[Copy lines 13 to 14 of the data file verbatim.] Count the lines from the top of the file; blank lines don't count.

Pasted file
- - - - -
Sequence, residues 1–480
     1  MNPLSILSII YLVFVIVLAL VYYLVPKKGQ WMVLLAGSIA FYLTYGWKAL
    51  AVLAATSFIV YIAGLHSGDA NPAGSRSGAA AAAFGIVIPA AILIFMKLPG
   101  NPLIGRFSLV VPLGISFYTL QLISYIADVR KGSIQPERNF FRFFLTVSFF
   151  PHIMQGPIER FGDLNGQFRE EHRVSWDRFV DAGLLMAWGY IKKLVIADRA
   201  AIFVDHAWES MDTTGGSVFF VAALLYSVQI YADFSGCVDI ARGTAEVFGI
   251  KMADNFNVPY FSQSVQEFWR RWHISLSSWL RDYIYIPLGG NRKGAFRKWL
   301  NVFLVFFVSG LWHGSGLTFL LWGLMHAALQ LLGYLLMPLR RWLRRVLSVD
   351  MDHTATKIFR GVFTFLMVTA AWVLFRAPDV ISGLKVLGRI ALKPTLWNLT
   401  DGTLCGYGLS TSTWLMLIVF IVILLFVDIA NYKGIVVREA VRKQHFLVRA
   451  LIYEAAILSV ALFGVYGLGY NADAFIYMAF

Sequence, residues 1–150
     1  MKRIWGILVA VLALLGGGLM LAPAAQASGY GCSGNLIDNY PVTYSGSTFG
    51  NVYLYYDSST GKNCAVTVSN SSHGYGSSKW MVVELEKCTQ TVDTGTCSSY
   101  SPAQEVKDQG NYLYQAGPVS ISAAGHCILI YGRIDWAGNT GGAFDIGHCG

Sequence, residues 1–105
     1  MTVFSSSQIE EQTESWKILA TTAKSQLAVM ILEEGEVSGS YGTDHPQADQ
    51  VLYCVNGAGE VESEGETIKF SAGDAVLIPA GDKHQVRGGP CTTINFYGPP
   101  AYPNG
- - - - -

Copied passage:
     1  MKRIWGILVA VLALLGGGLM LAPAAQASGY GCSGNLIDNY PVTYSGSTFG
    51  NVYLYYDSST GKNCAVTVSN SSHGYGSSKW MVVELEKCTQ TVDTGTCSSY